|Publication number||US9770580 B2|
|Application number||US 15/084,136|
|Publication date||26 Sep 2017|
|Filing date||29 Mar 2016|
|Priority date||15 May 2012|
|Also published as||CA2872788A1, CN203263883U, EP2849837A2, EP2849837B1, US9352119, US20130310764, US20160206869, WO2013173313A2, WO2013173313A3|
|Publication number||084136, 15084136, US 9770580 B2, US 9770580B2, US-B2-9770580, US9770580 B2, US9770580B2|
|Inventors||Jonathan Karl Burkholz, S. Ray Isaacson, Marty L. Stout|
|Original Assignee||Becton, Dickinson And Company|
|Export Citation||BiBTeX, EndNote, RefMan|
|Patent Citations (177), Non-Patent Citations (5), Classifications (23), Legal Events (1)|
|External Links: USPTO, USPTO Assignment, Espacenet|
This application is a continuation of U.S. patent application Ser. No. 13/471,716, filed May 15, 2012, titled BLOOD CONTROL IV CATHETER WITH ANTIMICROBIAL PROPERTIES, and is incorporated herein by reference.
The current invention relates to systems and methods for coating various surfaces of medical devices with an anti-pathogenic material. In particular, the present invention relates to systems and methods for identifying surfaces within a medical device which include noncritical dimensions, wherein an anti-pathogenic material is applied to these identified surfaces to reduce or eliminate pathogenic colonization and growth within the medical device.
A formidable challenge of modern medical treatment is control of infection in the spread of pathogenic organisms. One area where this challenge is constantly presented is in infusion therapy of various types. Infusion therapy is one of the most common healthcare procedures. Hospitalized, home care, and other patients receive fluids, pharmaceuticals, and blood products via a vascular access device inserted into the vascular system of the patient. Infusion therapy may be used to treat an infection, provide anesthesia or analgesia, provide nutritional support, treat cancerous growths, maintain blood pressure and heart rhythm, or many other clinically significant uses.
Infusion therapy is facilitated by a vascular access device. The vascular access device may access the patient's peripheral or central vasculature. The vascular access device may be indwelling for short-term (days), moderate term (weeks), or long-term (months two years). The vascular access device may be used for continuous infusion therapy or for intermittent therapy.
A common vascular access device comprises a plastic catheter inserted into a patient's vein. The catheter length may vary from a few centimeters or peripheral access, to many centimeters for central access and may include devices such as peripherally inserted central catheters (PICC). The catheter may be inserted transcutaneously or may be surgically implanted beneath the patient's skin. The catheter, or any other vascular access device attached thereto, may have a single lumen or multiple lumens for infusion of many fluids simultaneously.
A vascular access device may serve as a nidus, resulting in a disseminated BSI (blood stream infection). This may be caused by failure to regularly flush the device, a non-sterile insertion technique, or by pathogens that enter the fluid flow path through either end of the path subsequent to catheter insertion. When a vascular access device is contaminated, pathogens adhere to the vascular access device, colonize, and form a biofilm. The biofilm is resistant to most biocidal agents and provides a replenishing source of pathogens to enter a patient's bloodstream and cause a BSI.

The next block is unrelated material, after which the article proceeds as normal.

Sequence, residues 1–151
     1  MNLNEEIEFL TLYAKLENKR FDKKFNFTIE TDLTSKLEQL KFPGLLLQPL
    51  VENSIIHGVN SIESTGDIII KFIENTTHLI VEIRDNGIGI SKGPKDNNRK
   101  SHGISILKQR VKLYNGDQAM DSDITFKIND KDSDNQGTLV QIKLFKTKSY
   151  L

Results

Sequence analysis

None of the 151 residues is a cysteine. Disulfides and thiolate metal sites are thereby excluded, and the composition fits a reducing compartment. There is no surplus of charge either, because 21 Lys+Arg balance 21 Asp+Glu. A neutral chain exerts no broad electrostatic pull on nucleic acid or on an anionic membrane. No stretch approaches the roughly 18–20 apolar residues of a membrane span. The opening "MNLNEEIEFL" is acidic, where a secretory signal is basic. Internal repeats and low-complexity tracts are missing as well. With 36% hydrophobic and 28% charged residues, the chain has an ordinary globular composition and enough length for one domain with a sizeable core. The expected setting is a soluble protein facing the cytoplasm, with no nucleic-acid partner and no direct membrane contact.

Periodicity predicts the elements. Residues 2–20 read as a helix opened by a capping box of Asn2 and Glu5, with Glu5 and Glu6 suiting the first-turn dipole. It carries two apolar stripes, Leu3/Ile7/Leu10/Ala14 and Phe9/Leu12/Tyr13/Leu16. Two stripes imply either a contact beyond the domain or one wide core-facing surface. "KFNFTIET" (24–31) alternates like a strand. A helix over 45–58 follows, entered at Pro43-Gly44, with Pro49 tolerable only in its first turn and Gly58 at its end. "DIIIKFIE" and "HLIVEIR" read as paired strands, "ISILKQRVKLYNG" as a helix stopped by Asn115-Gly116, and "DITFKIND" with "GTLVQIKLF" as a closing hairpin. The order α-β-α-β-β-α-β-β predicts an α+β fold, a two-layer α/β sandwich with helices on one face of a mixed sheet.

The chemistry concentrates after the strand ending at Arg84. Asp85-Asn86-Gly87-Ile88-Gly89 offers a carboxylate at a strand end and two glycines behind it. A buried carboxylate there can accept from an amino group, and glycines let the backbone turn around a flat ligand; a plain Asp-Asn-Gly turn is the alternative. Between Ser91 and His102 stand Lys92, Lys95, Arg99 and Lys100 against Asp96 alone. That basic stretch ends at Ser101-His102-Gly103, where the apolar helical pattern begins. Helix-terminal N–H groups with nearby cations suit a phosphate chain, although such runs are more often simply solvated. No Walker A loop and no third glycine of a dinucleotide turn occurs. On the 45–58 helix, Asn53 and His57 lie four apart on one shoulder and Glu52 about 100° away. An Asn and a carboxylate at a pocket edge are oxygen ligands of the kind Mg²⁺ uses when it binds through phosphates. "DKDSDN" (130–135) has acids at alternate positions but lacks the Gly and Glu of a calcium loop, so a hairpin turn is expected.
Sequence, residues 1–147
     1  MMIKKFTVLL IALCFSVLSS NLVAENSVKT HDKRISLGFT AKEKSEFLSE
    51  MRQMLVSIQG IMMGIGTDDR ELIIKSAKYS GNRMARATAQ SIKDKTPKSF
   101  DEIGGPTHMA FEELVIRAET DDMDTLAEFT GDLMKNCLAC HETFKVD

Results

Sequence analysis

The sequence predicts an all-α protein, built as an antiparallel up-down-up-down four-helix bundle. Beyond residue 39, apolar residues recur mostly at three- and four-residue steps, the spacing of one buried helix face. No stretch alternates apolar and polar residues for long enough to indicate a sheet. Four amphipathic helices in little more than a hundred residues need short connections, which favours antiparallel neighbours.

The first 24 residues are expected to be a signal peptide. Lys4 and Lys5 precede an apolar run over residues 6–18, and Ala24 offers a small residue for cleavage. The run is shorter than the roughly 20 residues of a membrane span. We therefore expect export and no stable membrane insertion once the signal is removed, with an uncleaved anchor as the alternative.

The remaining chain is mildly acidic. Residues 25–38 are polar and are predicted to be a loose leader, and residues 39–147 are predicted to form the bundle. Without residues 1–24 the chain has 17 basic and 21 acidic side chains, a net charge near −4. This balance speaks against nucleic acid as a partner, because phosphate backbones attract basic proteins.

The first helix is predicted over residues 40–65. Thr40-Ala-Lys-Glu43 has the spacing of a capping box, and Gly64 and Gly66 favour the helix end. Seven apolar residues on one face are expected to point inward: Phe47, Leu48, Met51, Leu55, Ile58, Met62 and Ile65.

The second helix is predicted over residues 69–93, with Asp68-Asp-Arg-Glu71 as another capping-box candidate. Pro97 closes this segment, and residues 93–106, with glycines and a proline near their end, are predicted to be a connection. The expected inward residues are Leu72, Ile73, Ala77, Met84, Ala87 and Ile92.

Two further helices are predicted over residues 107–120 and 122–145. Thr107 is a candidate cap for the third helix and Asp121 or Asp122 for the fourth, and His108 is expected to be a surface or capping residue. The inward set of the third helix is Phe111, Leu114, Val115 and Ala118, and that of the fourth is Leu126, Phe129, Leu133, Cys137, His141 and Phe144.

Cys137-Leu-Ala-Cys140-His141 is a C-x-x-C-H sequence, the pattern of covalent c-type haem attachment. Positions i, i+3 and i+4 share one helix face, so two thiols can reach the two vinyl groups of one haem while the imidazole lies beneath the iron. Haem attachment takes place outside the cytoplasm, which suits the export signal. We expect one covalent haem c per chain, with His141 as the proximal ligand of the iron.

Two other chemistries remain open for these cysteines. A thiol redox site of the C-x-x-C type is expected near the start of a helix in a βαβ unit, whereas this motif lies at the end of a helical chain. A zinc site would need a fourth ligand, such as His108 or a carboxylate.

One approach to preventing biofilm formation and patient infection is to provide an anti-pathogenic coating on various medical devices and components. However, some medical devices and components comprise materials or features which are incompatible with anti-pathogenic coatings. Thus, although methods exist for providing an anti-pathogenic coating on various medical devices and components, challenges still exist. Accordingly, it would be an improvement in the art to augment or even replace current techniques with other techniques. Such techniques are disclosed herein.
In order to overcome the limitations discussed above, the present invention relates to systems and methods for selectively coating non-dimensionally critical surfaces of medical devices which contact blood or other fluids as part of an infusion therapy.
Some implementations of the present invention include an infusion therapy medical device having a surface which includes a noncritical dimension, wherein an anti-pathogenic material is applied to the surface. In some instances, the surface further comprises a portion of a fluid pathway through the device. Thus, the anti-pathogenic material is exposed to a fluid flowing through the fluid pathway of the device.
In some instances, an infusion therapy medical device is provided having a septum actuator which includes a probe portion configured to advance through a septum of the device upon actuation of the septum actuator. In some implementations, an anti-pathogenic material including a lubricant agent is applied to the probe portion of the septum actuator to reduce friction between the septum actuator and the septum during activation of the device. In other implementations, a rigid or semirigid anti-pathogenic material is applied to various surfaces of a base portion of the septum actuator.
Certain aspects of the present invention further include a color code system, whereby the identity of the anti-pathogenic material is identified based upon the color of the medical device.
Some aspects of the present invention include a medical device having a compatible surface which includes at least one mechanical bond whereby to facilitate binding between the surface and an anti-pathogenic material. Other aspects of the invention include providing a chemical bond between a compatible surface of a medical device and an anti-pathogenic material by surface cross-linking.